code, or even the tacit knowledge contained in the brain of
a developer. (Yes! This is an appropriate way to work,
under the right circumstances.) Written documentation
should be produced only when it is essential for the project’s
success or the future operation and maintenance of the
resulting software system and the business it supports.
understanding the most significant risks and requirements
of the system is more important than producing elegant
models or perfect documents. For example,
not every model needs to be fully attributed to adequately
manage design or implementation risks. On
the other hand, skipping tasks simply to save effort may
be a false economy, especially when implementing sensitive
or mission critical systems.
5. Understand OUM's philosophical
is standards based. OUM leverages one of the
de facto industry standards, the Unified Software Development
UP is an iterative and incremental approach to developing
and implementing software systems. Project managers use
OUM to make sure they and their
stakeholders develop a shared understanding of what is
needed, choose an appropriate architecture, and transfer
the ownership of the end-product to the stakeholders.
OUM extends the UP to support the full scope of Oracle-related projects by incorporating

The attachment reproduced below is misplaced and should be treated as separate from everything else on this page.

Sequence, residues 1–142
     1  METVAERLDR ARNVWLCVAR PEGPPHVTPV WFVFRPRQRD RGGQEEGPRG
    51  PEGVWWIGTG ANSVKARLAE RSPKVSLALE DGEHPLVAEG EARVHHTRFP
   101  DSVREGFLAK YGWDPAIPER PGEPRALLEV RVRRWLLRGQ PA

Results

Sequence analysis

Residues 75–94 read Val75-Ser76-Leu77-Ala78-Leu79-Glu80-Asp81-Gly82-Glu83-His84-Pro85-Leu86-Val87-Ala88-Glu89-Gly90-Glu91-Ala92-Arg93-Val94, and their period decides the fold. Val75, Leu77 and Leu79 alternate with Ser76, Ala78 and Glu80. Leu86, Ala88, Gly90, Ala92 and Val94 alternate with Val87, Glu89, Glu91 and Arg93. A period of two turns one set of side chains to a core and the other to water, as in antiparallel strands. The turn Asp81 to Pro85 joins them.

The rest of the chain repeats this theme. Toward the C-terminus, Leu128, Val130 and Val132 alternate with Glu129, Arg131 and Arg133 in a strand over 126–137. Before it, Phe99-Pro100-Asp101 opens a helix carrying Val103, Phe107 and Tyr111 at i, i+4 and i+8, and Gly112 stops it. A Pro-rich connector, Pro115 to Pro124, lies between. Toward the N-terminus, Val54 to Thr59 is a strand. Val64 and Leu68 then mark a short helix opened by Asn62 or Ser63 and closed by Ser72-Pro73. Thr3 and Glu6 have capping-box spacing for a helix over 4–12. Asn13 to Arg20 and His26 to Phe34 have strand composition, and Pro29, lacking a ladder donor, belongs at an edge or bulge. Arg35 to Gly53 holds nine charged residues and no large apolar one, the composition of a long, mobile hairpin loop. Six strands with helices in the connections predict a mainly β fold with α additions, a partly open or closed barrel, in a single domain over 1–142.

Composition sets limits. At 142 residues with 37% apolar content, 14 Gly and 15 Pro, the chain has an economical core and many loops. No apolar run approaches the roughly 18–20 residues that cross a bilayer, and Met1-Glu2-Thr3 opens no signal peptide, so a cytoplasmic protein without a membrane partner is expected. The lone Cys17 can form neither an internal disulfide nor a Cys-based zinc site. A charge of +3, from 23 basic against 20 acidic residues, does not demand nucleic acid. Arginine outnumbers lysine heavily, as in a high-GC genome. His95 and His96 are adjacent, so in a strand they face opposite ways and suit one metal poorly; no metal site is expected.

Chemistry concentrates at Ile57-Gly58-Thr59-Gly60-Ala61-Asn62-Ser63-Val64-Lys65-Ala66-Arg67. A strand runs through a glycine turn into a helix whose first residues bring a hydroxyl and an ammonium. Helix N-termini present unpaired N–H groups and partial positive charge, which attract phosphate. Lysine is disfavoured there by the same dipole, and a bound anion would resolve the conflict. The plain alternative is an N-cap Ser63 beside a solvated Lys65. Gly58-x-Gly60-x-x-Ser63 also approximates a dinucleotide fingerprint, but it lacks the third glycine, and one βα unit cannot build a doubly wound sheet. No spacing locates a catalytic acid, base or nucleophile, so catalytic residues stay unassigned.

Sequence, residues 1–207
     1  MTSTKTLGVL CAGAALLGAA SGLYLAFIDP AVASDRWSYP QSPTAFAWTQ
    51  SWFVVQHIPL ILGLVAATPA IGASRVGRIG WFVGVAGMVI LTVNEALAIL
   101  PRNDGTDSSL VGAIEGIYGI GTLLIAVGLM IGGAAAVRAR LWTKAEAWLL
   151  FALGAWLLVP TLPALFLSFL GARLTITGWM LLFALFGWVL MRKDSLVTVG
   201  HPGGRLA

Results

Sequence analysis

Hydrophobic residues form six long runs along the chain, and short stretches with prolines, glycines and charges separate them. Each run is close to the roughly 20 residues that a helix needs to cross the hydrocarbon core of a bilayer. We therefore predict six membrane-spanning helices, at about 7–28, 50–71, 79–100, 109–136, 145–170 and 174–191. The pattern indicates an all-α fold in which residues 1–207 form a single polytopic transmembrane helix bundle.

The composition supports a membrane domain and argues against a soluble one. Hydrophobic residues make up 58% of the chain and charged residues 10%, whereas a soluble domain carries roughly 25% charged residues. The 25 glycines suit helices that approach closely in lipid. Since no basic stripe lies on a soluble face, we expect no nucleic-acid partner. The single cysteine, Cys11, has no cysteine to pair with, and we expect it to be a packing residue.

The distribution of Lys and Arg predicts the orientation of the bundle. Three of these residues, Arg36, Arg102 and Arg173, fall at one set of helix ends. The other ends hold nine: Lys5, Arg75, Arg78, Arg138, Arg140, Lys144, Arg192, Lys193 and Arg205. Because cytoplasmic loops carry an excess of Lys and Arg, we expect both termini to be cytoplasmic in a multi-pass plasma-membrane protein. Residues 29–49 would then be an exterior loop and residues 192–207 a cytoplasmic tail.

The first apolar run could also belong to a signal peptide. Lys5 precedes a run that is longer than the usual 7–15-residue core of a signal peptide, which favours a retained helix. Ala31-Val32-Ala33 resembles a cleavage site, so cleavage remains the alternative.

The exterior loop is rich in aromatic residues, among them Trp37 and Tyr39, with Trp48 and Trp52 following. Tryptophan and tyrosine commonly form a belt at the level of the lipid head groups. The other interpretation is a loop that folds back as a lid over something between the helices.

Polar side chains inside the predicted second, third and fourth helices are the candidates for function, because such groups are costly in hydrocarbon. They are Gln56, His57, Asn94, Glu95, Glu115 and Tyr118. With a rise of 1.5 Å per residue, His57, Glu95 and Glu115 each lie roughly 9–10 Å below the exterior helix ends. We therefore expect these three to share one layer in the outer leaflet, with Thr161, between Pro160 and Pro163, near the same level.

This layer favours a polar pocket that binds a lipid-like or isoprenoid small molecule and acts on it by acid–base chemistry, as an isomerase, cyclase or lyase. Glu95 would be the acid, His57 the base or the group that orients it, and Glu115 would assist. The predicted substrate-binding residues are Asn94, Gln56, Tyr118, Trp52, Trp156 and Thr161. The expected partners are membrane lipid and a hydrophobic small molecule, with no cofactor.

field experience and intellectual capital contributed
by Oracle practitioners. For further reading on UP, see The Unified Software Development Process.
is iterative and incremental. OUM recognizes
the advantages of an iterative and incremental approach
to development and deployment of information systems.
Any of the tasks within OUM may be iterated. Whether or
not to iterate, as well as the number of iterations, varies.
Tasks may be iterated to increase quality of the work
products to a desired level, to add sufficient level of
detail, or to refine and expand the work products on the
basis of user feedback.
provides guidance for both "Requirements-Driven" and "Solution-Driven" approaches to development and implementation
of software that supports business needs.